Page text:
When learning to shoot video, we’re taught that we should always set our camera’s shutter speed according to our frame rate then keep it there for there until we change frame rates again. Videomaker even wrote recently that video producers are learning the wrong exposure triangle, since shutter speed is essentially removed from the equation most of the time.
Instead of setting exposure by manipulating aperture, ISO and shutter speed, we advocate for a new video exposure triangle that replaces shutter speed with neutral density (ND) filters. Indeed, ND filters give you much more flexibility in setting exposure — you can keep your wide aperture and the desired shutter speed without running into issues with overexposure and clipped highlights. Thinking about it this way, it’s easy to get in the mindset of “set it and forget it,” but in doing so, we overlook shutter speed’s creative potential.
Using the Correct Shutter Speed
Most video production resources will tell you that the denominator of your shutter speed should be double your frame rate. This means that if you’re shooting at 30 frames per second (fps), the recommended shutter speed with be 1/60th of a second. At a frame rate of 24 fps, you’d want a shutter speed of 1/50th of a second, and so on. Setting the shutter speed in this way produces the right amount of motion blur to make on-screen action look natural to our eye. It also conforms to our expectations formed through decades of film and video viewing.
But our cameras do have other shutter speed settings, and there’s no real reason we can’t use those alternate settings to suit our creative purposes.
But our cameras do have other shutter speed settings, and there’s no real reason we can’t use those alternate settings to suit our creative purposes. Like all rules about visual storytelling, the rule about how to set your shutter speed can be bent or broken to great artistic effect — as long as the rule is broken intentionally and the resulting effect makes for a more compelling story.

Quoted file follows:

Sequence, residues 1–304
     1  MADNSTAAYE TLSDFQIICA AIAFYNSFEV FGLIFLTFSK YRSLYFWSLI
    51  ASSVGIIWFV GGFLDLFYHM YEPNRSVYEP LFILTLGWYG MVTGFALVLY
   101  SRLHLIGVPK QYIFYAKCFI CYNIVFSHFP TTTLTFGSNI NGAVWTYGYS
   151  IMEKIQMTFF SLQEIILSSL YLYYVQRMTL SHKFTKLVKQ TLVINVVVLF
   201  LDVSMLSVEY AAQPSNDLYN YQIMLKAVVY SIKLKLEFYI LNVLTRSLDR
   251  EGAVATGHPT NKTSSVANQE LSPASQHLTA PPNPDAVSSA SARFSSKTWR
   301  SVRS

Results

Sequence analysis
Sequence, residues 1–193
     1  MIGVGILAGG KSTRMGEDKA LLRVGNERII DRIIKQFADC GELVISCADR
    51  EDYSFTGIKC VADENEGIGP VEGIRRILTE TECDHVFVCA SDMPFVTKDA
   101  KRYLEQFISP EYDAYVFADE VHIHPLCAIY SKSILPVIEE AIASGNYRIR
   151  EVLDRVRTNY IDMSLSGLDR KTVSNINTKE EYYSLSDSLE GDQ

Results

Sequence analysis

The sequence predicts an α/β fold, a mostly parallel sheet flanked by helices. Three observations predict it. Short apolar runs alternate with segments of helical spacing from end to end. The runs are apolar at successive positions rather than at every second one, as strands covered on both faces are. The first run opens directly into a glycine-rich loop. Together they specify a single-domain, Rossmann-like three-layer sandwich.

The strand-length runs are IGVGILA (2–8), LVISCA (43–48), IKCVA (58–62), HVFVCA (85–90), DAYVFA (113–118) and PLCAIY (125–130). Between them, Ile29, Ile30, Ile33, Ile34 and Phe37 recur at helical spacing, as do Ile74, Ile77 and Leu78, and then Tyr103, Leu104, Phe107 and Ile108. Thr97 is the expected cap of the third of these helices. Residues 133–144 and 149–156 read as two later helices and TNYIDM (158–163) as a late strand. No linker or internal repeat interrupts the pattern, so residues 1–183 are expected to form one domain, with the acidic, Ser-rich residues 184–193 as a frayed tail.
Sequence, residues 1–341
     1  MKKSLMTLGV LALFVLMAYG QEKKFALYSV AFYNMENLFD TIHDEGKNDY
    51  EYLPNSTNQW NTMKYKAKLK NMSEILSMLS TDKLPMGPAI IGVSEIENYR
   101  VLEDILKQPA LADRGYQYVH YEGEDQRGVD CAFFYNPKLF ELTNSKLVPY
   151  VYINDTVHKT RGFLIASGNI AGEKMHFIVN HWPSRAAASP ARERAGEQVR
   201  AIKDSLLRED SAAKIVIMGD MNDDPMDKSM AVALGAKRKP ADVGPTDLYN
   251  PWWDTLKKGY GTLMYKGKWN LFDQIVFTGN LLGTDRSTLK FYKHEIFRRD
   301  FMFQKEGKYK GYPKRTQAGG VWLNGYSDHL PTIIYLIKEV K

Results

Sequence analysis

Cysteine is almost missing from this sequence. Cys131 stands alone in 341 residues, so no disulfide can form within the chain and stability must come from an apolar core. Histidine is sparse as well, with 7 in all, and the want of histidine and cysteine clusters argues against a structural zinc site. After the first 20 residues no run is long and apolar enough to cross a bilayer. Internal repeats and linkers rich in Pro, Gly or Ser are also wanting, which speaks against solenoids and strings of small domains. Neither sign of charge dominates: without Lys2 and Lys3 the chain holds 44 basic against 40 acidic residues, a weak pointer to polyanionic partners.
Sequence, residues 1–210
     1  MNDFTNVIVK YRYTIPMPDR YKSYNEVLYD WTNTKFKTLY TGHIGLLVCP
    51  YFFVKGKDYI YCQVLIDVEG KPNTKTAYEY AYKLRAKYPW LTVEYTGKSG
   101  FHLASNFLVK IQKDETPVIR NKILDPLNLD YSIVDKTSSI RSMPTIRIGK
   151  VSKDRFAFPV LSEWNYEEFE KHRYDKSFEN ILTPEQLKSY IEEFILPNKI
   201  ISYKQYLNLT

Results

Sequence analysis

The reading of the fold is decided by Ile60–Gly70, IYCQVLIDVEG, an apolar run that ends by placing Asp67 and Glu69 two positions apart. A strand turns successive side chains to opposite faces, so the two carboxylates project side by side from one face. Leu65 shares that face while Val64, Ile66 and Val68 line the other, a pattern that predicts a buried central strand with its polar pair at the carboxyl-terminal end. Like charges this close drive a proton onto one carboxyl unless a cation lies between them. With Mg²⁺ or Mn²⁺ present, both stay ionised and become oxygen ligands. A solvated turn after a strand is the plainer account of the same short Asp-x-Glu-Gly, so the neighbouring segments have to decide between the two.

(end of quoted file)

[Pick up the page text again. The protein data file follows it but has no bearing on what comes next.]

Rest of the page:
If you’ve ever watched or recorded video using different shutter speeds, you’ll have noticed that on-screen movement can look a bit weird. If your shutter speed is set lower than normal, you’ll get more motion blur, while if you increase the shutter speed, you see more staccato movements with little to no motion blur.
What’s normal anyway?
Neither excessive motion blur nor its complete absence will look particularly normal or natural on screen — but then the same could be said of time-lapse and slow-motion sequences. Wide angle lens distortion, similarly, gives the viewer an unnatural perspective that can’t be achieved with the human eye. If we are willing to accept these diviations from realism and human perception, we should also accept creatively used alternative shutter speeds just as readily.
Since our newly established video-centric exposure triangle includes aperture, ISO and ND — and excludes shutter speed entirely — shutter speed is somewhat liberated to perform more creative functions. Like non-standard frame rates and focal lengths, non-standard shutter speeds should be used in specific storytelling applications to communicate an idea more effectively.
We might not — and probably shouldn’t — change our shutter speed for every shot, but it doesn’t hurt to consider it as another creative tool in our toolbox when it comes to visual storytelling.
Nicole is all for experimenting with unusual storytelling methods. She’s also Videomaker’s Managing Editor.